Here is the snap quote of Nickel Mini, expiring in Jan 2017 –

The price as seen here is Rs. 686/- per Kg. The contract value therefore would be –

Lot size * price

= 100 * 686

= Rs. 68,600/-

The NRML margin is as shown below –

As you can see, the NRML (for overnight positions) margin is Rs. 6,694/-and MIS (for intraday) margin is Rs. 3,347/-.

This is consistent with the big contract – works out to 10% for NRML and about 5.0% for MIS.

The contracts are introduced on a monthly basis, in the same exact way as Lead. I’d suggest you stick to the current month contract for trading as these contracts have the highest liquidity.


Key takeaways from this chapter –

  1. There are two contracts for Lead Futures; Lead and Lead Mini.
  2. Lot size of Lead is 5000 MT and Lead Mini is 1000 MT.
  3. P&L per tick is Rs. 250 for Lead and Rs. 50 for Lead Mini.
  4. ‘Demand supply’ has remained stable for Lead over the last few years
  5. There are two contracts for Nickel futures; Nickel and Nickel Mini.
  6. Lot size of Nickel is 250 Kgs and 100 kgs for Nickel Mini.
  7. P&L per tick is Rs. 25 for Nickel and Rs. 10 for Nickel Mini.
  8. Nickel production has outstripped its demand.
  9. It is advisable to stick to the current month futures of both Lead and Nickel.
  10. It makes sense to look at price data to place short term trades in both Lead and Nickel.

18 comments

  1. RITUKANT MAURYA says:

    Lead history was really very astonishing. Very precise and informative narration about Lead & Nickel. when will Interest Rates trading will be covered?

    • Karthik Rangappa says:

      Thank you 🙂

      We are planning to skip IRF, there is hardly any trading/liquidity in the instrument. We will wind up commodities over the next 2 chapters and move ahead to Trading Psychology and Risk Management.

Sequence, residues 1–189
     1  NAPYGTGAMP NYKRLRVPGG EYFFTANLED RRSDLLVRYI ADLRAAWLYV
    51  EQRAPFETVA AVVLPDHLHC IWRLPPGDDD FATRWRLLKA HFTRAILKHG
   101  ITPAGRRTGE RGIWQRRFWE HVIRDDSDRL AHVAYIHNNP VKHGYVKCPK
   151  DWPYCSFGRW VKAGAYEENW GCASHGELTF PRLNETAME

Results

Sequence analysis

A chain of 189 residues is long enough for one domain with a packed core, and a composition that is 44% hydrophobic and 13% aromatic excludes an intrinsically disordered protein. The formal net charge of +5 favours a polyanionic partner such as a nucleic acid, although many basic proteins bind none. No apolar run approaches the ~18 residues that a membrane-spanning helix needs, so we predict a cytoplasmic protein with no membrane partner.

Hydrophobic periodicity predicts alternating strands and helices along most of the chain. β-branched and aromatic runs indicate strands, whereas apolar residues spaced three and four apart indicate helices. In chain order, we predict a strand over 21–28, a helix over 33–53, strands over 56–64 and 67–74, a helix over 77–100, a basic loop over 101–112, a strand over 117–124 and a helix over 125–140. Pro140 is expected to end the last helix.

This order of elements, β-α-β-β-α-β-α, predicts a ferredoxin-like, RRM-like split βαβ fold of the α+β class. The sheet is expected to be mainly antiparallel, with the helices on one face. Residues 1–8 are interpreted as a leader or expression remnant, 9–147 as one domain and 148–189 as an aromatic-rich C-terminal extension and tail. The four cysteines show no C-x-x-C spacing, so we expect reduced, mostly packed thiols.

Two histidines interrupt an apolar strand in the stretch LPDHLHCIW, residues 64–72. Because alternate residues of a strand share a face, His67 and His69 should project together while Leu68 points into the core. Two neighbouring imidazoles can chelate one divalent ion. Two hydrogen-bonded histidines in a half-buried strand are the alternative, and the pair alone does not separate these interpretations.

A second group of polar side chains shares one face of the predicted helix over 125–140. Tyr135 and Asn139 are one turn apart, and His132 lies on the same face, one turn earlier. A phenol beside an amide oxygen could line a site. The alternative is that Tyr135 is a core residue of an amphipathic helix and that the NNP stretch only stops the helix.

• RITUKANT MAURYA says:

        Dear Karthik Sir,

        you are right that there is less liquidity in IRF but this is due to lack of knowledge and authentic source of information. You are our true apostle in share market. if you provide good knowledge on the subject, i am sure, trading in IRF instruments will be shoot.

        If not possible to cover up the topic, please provide books/authentic source on the topic.

        • Karthik Rangappa says:

          Lol 🙂

          I’m not sure if such a thing will happen, but will eventually add that bit as a supplementary note. Thanks.

  2. Ankit says:

    Thanks Again for enlightening us 🙂
    Few corrections in attached images:
    1)The image of snap quote of Nickle(big) is actually of NickelM Jan FUT.
    2) The image of NRML margin of Nickel (big) is actually of snap quote of Nickel Jan FUT.
    3) The image of Snap quote of Nickle Mini is actually of Nickel(big) NRML Margin.

  3. PR1743 says:

    Hi..Karthik…. plz do provide a chapter on IRF…..I am sure it will benefit many

  4. Manish says:

    Is the ZINCMINI contract similar to Lead mini contract with respect to quotation, lot size, p/l

  5. Amey says:

    Hello Karthik,

    In keytakeways below statement looks like incorrect…
    “Lot size of Lead is 5000 MT and Lead Mini is 1000 MT.”
    It should have been either 5000KG and 1000KGS or 5MT or 1MT.
    Please correct me if I’m wrong.
    Thanks,
    Amey

  6. Sir I have a silly question, never traded in commodity markets, so the question.
    1)Why do commodities have different expiry dates, even when they are traded on same exchange.
    2) Is the expiry date dynamic or static for a commodity. Means can the expiry date of 2 consecutive contracts be different.
    3) Are expiry dates calculated with some particular set of rules and standards.
    Thanks for taking up the question.

    • Karthik Rangappa says:

      1) I’d suspect this has something to do with international cycles
      2) No, there are preset date formulas
      3)Yes

  7. Basu says:

    Beautifully written and very well articulated.when teaching is like this l,no student will bunk classes,which I did many times in my school’s:-)